Clinical Presentation/Symptoms of CHF

Depends on various factors:

1. Extent of cardiac damage

2. Extent of Hemodynamic overload

3. Secondary compensating mechanisms that arise as heart failure develops.

4. Rate of progression of the disease and whether secondary compensating mechanisms had time to develop (e.g. acute mitral valve regurgitation may be tolerated poorly compared to slow gradual development)

-Atrial filbrilation occurs in 10-50% of patients with established heart failure and the onset of AF may result in an acute deterioration.

-Ventricular arrhythmias (Ectopics, ventricular tachycardia) are also common.

-Symptoms (non-specific) presented during the early stages: Malaise, lethargy, fatigue, dyspnea, exercise intolerance

***Note: Heart failure may principally affect the left heart, right heart or both sides (biventricular). In practice, left heart is most commonly affected because it has to pump blood to the rest of the body.

  • Isolated Right Heart Failure may be due to major pulmonary embolism, pulmonary hypertension or pulmonary stenosis.
  • However, the ventricles share the interventricular spetum so dysfunction of either ventricle can potentially influence the function of the other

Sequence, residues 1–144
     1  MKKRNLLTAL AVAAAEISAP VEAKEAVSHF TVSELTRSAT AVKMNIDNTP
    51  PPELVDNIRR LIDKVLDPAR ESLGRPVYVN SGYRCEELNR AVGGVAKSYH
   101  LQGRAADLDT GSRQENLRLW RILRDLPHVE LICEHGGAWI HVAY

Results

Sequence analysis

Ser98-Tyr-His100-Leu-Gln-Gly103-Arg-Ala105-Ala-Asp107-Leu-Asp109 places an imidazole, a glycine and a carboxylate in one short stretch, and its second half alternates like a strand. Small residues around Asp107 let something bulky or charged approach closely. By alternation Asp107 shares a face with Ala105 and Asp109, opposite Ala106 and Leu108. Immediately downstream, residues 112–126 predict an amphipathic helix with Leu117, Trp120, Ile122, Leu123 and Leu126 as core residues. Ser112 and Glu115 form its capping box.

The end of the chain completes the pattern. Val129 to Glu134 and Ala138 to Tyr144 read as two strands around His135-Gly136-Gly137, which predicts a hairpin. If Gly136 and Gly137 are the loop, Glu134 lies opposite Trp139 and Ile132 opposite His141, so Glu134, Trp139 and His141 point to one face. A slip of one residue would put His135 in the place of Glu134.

*Left Heart Failure

-Increase in left atrial pressure raises pulmonary venous pressure

-This results in pulmonary congestion and eventually alveolar edema, causing breathlessness, coughing, dyspnea and sometimes hemoptysis (expectoration of blood or of blood-stained sputum from the bronchi)

-Refer to drawing

-As Left Ventricular failure progresses (may occur at rest), orthopnea (breathlessness when lying down) and paroxysmal noctural dyspnea (Sudden acute breathlessness at night) precipitates.

-Symptoms include:

  • Cool and pale skin (indicating peripheral vasoconstriction)
  • Blood pressure may be high, low or normal as cardiac dysfunction worsens
  • Pulse may be low volume and rhythm may be normal or irregular due to ectpics or AF (pulsus alternans-alternative strong and weak beats may occur)
  • Resting sinus tachycardia may occur during severe heart failure or may be partially reflex due to drug-induced vasodilation.
  • Venous pressure is normal in isolated LHF

*Right Heart Failure

  • Symptoms: Minimal especially if diuretics already given.
  • Ankle swelling
  • Dyspnea
  • Reduced exercise capacity and angina pectoris occurs

The reduction in cardiac output in both LHF and RHF will result in low blood perfusion to the brain, kidneys and skeletal muscle. Thus, the general symptoms are mental confusion, tiredness and reduced exercise tolerance.

-The annual overall incidence of stroke or thromboembolism in CHF is 2%.